(a) resolve the issue raised in the question,
(b) explain your reasoning in reaching your conclusion, and
(c) have adequate support and justification to validate your reasoning.
In preparing your answers you are allowed to use your book, your notes, and the Internet. (If you use material from any source you must provide proper citationsto the source
Do not use Wikipedia
Southern Life, a regional magazine contacted Paul “Snap” Schotz, a professional photographer, asking him to submit some photos for possible inclusion in an upcoming issue of the magazine. Paul shipped 45 transparencies of some photos he had taken to Southern Life. The transparencies were sent via National Van Lines per the magazine’s instructions. The transparencies were lost while in transit. National admitted it had somehow lost or misplaced the package and offered to pay Paul $250, the amount stated in the contract for a lost package. Paul did not insure the package for a greater value, which he could have done for a small additional fee, nor did he inform National of the amount he believed the package was worth. Paul declined the settlement offer from National.
Paul then filed suit against Southern Life for $45,000, the value that he personally placed on the transparencies. According to Paul, this was a sales contract governed by Article 2 of the UCC, and the carriage by National Van Lines was a shipment contract, placing risk of loss on Southern Life upon Paul’s surrender of possession to the shipping company.
Southern Life denied liability. It argued that Paul’s failure to acquire insurance put the risk of loss for anything beyond the $250 provided for in the carriage contract on him. It also questioned the basis for Paul’s assertion that the transparencies were worth $45,000. It further argued that this was not the sale of goods since Southern Life was only considering the photos for possible inclusion in a future edition. It had made no commitment to use any of the photos, so there had been no sale of goods.
Required: Address the following issues in your reply:
a) Was this a sale of goods governed by Article 2 of the UCC? Explain.
b) Should Article 2 apply by analogy even if this was not a sale of goods? Explain.
Justin Case and his friend Paige Turner were sitting on Justin’s porch enjoying a pleasant summer evening. Because there were a lot of mosquitos around, they were burning a citronella candle. Justin had purchased the candle from The Olde Radford Candle Company (ORCC) a few weeks prior to the evening in question. The candle itself was made of paraffin and wax with a citronella scent in a metal bucket-shaped container. There was a label attached to the bottom of the container warning against trying to extinguish the candle with water. It stated that doing so might cause the candle to explode. Justin claimed never to have read the warning label, nor to have been warned of the danger by the clerk at the store.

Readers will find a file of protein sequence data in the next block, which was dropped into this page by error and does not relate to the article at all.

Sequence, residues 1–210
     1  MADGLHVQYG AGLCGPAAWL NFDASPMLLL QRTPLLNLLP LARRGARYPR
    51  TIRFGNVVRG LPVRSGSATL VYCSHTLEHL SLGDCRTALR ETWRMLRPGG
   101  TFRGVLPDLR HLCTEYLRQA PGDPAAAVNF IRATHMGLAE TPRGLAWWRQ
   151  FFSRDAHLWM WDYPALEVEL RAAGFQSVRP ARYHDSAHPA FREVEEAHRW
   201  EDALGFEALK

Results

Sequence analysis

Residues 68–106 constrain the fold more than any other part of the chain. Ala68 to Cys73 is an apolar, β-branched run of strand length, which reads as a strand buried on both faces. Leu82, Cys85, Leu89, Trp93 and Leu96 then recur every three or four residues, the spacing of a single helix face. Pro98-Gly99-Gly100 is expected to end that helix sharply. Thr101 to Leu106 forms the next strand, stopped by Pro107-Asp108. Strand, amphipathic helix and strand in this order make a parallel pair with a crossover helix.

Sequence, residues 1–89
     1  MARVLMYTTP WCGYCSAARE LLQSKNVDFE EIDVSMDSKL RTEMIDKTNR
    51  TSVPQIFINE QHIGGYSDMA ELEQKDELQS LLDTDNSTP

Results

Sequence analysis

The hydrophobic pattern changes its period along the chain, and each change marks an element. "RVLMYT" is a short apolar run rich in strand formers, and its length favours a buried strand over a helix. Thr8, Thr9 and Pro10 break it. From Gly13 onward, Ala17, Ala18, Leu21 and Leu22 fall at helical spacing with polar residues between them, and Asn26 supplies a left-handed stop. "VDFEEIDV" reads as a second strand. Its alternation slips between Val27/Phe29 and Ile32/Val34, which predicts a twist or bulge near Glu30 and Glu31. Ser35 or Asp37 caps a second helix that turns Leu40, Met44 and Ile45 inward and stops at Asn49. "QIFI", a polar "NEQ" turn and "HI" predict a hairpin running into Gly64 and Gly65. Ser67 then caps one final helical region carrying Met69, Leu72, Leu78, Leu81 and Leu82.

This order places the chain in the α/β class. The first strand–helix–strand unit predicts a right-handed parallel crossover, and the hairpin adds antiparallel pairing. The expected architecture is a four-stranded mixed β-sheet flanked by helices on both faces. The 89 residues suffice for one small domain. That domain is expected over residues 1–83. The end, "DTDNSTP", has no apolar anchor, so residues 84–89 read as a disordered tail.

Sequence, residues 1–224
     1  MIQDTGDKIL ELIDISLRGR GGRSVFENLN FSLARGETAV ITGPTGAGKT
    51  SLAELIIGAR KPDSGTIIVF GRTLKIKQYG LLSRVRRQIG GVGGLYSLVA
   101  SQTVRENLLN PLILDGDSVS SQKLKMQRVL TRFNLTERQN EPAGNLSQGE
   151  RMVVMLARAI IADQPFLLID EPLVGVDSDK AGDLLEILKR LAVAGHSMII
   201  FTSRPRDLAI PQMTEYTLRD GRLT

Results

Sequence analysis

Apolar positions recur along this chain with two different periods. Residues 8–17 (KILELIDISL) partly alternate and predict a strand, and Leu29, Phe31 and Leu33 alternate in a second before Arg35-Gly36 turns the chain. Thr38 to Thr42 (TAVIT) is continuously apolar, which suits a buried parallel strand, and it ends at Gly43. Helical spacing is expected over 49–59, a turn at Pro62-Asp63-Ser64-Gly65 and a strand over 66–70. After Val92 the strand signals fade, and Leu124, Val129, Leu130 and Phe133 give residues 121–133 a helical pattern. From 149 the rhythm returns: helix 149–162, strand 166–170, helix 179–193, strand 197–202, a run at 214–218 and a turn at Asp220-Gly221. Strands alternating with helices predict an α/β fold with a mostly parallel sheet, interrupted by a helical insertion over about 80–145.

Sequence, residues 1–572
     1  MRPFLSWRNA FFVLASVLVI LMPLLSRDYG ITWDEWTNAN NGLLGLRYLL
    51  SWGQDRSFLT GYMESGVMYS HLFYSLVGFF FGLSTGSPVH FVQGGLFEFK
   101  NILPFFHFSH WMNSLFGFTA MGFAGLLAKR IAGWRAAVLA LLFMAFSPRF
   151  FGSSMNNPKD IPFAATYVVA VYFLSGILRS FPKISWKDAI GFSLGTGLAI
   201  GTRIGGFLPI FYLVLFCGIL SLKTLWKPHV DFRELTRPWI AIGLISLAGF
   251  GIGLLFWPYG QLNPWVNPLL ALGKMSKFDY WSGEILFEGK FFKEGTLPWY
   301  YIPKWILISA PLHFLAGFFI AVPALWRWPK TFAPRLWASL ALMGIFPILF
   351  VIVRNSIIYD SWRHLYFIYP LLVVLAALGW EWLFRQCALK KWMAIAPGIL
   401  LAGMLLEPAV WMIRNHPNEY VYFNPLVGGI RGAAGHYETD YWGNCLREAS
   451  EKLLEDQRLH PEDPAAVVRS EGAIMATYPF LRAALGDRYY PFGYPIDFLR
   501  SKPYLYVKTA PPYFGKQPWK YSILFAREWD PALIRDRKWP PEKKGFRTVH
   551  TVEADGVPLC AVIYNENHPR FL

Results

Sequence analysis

At the end of the evening Justin tried to blow out the candle, but it did not extinguish. He then poured some water on the candle, causing it to begin to “snap and pop,” and the flame leaped higher. Justin then got up to look for something he could use to smother the candle. Before he could take any other actions, the candle exploded, spewing flames, hot wax, and paraffin over Paige’s lower body. As a result, Paige suffered severe burns over more than 15% of her body. She was unable to work while she was recovering from the burns. She also incurred substantial medical and hospital bills.
Paige filed suit against Olde Radford Candle Company to recover for her injuries and expenses, alleging breach of the warranty of merchantability, product liability, and negligence. The company denied any liability, arguing that (a) Justin had ignored the warning on the container and (b) had failed to use the candle properly as per the instruction on the label. IT also argued that any warranties in this sale were to Justin, the buyer, and that it has no duty to Paige, with whom it had not dealt. It argued that these facts combined to relieve it of any liability.
Required: How should the court rule in this case? Be certain that you explain and justify your answer.
Allie Katz owned a pet supply store in Radford, Virginia. She recently sent a purchase order to one of her regular suppliers in Johnson City, Tennessee, placing an order for a variety of cat food and toys from the “Purr-Fect Kitty” company. In the purchase order Ms. Katz specified that the goods should be shipped to her address in Radford via common carrier, FOB Johnson City. She also asked that payment be due 60 days after receipt of the order, and that any controversies should be settled by arbitration in Radford.
“Purr-Fect Kitty” was delighted to receive the order (Allie Katz was one of its best customers), but the company had a new manager who had not dealt with Ms. Katz prior to this order. He replied to her purchase order with an acknowledgement form containing the following information: the order had been received and the ordered items would be shipped to Ms. Katz within the next two business days, with delivery to be made by a local carrier, shipment to be FOB Radford; payment would be due 60 days after receipt, with a 2% discount in payment was remitted within 10 days; any arbitration hearing would be conducted under the guidelines and standards of the American Arbitration Association; insurance on the shipment at would be provided, with the cost included in the invoice to be paid by Ms. Katz.
Required: Given these facts, and based only on these facts, answer the following two questions:
(1) Do the parties have a contract? Explain and justify you answer.
(2) Without regard to your answer to part (2), assuming there is a contract, what are its terms? Explain and justify you answer.